Burial in the wrong grave and what (possibly) to do about it

Stewart Dickson, son of Rose and Charles Dickson, died aged 27 in 2011 and was buried in the churchyard of St Andrew, Thringstone. His parents applied for and were granted a faculty to reserve the immediately-adjacent space to him so that in due course they could be buried next to him; and the faculty was granted on condition that the reservation should be marked and endorsed on an up-to-date plan and marked discreetly on the ground. Unfortunately, the priest-in-charge, the Revd Mr Burgess, marked the plot inaccurately.

In March 2013 another parishioner, David Garrett, died; and because the oversight by Mr Burgess he was buried in the plot reserved for the Dicksons. Mrs Dickson and her daughter, Yvonne McIlwraith, were offered the plot next-but-one to Stewart Dickson’s but rejected it. Each family felt sorry for the other; but the Dicksons believed that they were entitled to the plot that they had reserved, while the Garretts held to the view that once David Garrett had been buried he should not be disturbed. Said Ms McIlwraith, “We have said all along the only plot acceptable is the one next to my brother. It is a horrendous mistake by the church and they have to abide by our wishes. We feel for the other family but we have no option but to take our stance”.

The Archdeacon referred the matter to the Chancellor, Mark Blackett-Ord, who ruled on the matter in Re St Andrew, Thringstone [2013] Leicester Ch Ct.

Blackett-Ord Ch was faced with an unenviable choice:

“What is unusual in the present case … is that it is not (as is more usual) the family of the person to be moved who seek the disinterment. Indeed they positively oppose it. It is the Dicksons, not the Garretts, who wish to see the remains of Mr Garrett removed” (para 21).

Whatever was decided, one side or other was going to feel hurt and aggrieved:

“It is a serious matter to order the disinterment of a body in the face of opposition by the family. On the other hand, it seems to me to be an equally serious matter that a family who have been granted by faculty the reserved use of a burial space beside a beloved family member, should lose any right to that space if another person is wrongly buried there” (para 22).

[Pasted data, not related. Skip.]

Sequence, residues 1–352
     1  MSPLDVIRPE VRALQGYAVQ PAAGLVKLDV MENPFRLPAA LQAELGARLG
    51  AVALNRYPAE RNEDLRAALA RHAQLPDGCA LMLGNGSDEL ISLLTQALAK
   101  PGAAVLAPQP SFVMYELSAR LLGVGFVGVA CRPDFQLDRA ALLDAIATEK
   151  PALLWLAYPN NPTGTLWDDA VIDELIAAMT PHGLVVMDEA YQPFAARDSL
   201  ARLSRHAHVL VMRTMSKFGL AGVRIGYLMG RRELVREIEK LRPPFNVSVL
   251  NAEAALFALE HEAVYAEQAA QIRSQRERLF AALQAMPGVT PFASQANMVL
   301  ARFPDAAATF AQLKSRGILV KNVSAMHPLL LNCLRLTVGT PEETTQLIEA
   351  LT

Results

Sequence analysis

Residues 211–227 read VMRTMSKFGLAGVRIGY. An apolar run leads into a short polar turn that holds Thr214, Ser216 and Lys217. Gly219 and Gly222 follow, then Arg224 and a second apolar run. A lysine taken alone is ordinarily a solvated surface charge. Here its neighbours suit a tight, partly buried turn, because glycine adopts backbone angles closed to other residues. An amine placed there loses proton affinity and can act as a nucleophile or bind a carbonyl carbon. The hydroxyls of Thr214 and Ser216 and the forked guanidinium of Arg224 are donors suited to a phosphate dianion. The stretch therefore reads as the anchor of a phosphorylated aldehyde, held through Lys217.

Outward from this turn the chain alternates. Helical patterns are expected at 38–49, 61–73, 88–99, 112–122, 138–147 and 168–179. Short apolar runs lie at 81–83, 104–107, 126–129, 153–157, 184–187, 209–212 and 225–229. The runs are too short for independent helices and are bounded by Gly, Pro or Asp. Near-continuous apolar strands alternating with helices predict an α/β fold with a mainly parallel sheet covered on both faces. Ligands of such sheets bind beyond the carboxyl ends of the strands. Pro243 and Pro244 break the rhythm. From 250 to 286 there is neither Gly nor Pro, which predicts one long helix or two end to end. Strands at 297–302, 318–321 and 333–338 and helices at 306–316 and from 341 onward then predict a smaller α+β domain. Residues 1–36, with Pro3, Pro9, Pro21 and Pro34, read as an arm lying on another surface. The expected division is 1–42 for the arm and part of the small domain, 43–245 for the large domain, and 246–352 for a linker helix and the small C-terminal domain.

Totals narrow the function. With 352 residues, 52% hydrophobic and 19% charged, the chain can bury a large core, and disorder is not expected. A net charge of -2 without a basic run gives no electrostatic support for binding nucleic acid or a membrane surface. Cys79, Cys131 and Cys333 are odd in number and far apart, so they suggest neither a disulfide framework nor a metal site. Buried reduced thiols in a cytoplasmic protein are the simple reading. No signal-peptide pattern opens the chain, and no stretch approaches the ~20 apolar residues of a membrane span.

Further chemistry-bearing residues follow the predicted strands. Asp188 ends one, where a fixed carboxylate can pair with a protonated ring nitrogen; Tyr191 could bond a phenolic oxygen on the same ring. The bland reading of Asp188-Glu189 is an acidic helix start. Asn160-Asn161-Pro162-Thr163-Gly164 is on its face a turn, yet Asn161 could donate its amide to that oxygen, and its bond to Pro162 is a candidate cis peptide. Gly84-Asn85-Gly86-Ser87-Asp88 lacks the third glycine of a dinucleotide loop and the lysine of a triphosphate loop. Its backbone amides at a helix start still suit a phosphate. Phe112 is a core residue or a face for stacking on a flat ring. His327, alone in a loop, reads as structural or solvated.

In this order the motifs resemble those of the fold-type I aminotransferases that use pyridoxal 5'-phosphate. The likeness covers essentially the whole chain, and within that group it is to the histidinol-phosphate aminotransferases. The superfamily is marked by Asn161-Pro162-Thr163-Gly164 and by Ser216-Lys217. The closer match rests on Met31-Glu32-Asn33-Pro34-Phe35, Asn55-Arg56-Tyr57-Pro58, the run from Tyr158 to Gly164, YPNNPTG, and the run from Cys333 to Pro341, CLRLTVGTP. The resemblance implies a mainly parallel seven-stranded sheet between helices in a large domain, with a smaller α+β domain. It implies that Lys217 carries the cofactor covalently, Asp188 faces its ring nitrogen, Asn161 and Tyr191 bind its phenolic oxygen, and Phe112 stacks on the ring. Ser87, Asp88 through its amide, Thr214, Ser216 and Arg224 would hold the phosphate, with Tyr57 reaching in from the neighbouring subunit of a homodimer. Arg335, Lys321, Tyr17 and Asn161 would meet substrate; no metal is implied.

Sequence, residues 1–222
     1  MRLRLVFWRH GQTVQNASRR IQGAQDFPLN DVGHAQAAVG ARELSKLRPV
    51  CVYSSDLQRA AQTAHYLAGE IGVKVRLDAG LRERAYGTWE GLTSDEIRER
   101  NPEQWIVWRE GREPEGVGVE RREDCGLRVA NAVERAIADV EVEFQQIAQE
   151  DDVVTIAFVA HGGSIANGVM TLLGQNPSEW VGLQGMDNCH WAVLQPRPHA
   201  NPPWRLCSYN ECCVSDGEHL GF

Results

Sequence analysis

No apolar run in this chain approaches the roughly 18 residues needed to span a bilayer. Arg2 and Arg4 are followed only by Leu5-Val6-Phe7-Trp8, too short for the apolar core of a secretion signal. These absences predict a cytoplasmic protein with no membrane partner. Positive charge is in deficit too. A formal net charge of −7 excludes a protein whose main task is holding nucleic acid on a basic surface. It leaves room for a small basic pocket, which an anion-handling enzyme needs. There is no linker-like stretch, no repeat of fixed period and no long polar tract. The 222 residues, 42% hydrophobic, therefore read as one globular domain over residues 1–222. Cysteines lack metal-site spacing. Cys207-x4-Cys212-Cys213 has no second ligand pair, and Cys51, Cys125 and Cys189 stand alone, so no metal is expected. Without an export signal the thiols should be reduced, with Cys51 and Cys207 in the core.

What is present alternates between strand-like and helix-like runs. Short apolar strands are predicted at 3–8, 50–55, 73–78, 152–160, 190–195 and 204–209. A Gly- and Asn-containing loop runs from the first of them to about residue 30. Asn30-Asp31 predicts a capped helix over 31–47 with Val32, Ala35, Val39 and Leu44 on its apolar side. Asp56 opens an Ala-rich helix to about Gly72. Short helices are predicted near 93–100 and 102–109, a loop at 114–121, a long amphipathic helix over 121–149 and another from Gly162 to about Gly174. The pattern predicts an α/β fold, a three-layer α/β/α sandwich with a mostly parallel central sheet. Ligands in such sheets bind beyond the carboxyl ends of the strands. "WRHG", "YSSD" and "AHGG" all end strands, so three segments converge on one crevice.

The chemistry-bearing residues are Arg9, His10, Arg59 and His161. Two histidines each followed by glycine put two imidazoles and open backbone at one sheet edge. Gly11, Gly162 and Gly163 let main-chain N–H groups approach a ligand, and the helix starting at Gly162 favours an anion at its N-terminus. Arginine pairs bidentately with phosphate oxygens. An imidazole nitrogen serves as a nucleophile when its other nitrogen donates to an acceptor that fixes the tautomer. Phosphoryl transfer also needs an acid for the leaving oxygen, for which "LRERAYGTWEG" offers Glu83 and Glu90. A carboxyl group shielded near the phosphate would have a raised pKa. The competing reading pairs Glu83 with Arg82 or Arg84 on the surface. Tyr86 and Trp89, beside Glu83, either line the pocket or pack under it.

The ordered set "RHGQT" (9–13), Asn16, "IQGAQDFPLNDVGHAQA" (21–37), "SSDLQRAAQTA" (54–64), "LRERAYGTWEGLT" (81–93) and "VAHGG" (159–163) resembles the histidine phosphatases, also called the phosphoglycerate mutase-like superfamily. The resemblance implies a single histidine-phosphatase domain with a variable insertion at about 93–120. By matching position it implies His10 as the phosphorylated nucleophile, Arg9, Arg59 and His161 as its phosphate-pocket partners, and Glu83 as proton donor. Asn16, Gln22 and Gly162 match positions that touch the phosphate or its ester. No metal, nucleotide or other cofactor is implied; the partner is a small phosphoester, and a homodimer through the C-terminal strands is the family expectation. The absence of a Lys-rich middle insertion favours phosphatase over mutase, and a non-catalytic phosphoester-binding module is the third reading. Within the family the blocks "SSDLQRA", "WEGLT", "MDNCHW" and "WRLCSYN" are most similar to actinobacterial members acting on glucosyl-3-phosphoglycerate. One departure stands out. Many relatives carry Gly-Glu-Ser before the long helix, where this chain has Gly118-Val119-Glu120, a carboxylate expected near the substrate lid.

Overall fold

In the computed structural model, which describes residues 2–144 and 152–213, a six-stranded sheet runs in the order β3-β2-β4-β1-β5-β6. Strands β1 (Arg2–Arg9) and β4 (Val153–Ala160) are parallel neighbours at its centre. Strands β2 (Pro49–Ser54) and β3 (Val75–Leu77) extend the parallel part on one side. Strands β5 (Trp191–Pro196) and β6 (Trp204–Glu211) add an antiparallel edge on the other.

He saw his task as one of resolving the case in the manner that would cause the least injustice (para 23). He concluded that justice required that the rights over the grave space should remain with the Dicksons – who had reserved it and paid for it – rather than with the Garretts (para 29). He therefore ordered:

  • that the remains of Mr Garrett should be exhumed and reinterred within the churchyard;
  • that the reinterment should be performed by experienced funeral directors with a priest present; and
  • that Mr Burgess should take no part in the proceedings.

Since Mr Garrett had already been committed in a funeral service, a second service would not be required.

The Chancellor also suggested that, in future:

“(a) the standard faculty order reserving a grave space should in future cases state clearly that the obligation to mark a reserved plot is an obligation on the PCC or on the incumbent and churchwardens and not on the petitioners; (b) no interment in any graveyard should take place unless the officiating priest has satisfied himself or herself that the proposed grave space is not a reserved plot” (para 35).

Costs were awarded against Mr Burgess, who had admitted that he had been at fault.


Sadly, “wrong” burials are by no means unknown. As we noted in a previous post, a similar mix-up occurred in Re St Peter Dunchurch [2013] Coventry Cons Ct, in which a wholly unrelated person had been buried in the plot reserved for Mrs P-W so that on her death she could be buried alongside her husband. In the Dunchurch case, however, the family did not petition for the mistakenly-interred remains to be exhumed and reinterred elsewhere because they did not wish to distress the family of the person already buried there, who were unaware of the mistake. Instead, Chancellor Eyre granted permission for the exhumation of Mr P-W (who had been buried in the correct plot), his re-interment elsewhere in the churchyard and the reservation of a new adjacent plot for Mrs P-W.

But no such solution was possible in the Thringstone case, which aroused considerable local publicity in the Leicester Mercury: here and here. Possibly the nearest recent parallel is Re Jean Gardiner [2003] Carlisle Cons Ct, in which a faculty was granted to exhume the wrongly-buried remains of Mrs Jean Gardiner and to reinter her in an adjacent reserved plot, despite the objections of her family.

If there is any lesson to be learned from Re St Andrew, Thringstone (and, indeed, from similar cases in the past) it is that PCCs and incumbents need to be ultra-careful in marking out and recording plots. No “blame” could possibly attach to either family: both were merely victims of circumstance – and one suspects that the Dicksons have emerged from the experience only very little happier than the Garretts.

Note: On L&RUK, we do not give advice on specific queries, which initially should be addressed to the burial ground manager if the interment is in a municipal cemetery, or the priest or Diocesan Registrar where the burial is in a Church of England churchyard. 

Cite this article as: Frank Cranmer, "Burial in the wrong grave and what (possibly) to do about it" in Law & Religion UK, 26 October 2013, https://lawandreligionuk.com/2013/10/26/burial-in-the-wrong-grave-and-what-possibly-to-do-about-it/